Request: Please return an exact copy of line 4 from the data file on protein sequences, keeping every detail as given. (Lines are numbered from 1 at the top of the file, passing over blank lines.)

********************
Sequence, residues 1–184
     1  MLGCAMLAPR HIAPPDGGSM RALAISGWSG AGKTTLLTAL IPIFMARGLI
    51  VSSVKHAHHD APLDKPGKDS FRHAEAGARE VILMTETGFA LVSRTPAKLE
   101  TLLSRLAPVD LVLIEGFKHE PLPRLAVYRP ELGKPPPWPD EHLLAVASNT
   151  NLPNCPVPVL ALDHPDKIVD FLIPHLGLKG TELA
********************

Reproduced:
   101  TLLSRLAPVD LVLIEGFKHE PLPRLAVYRP ELGKPPPWPD EHLLAVASNT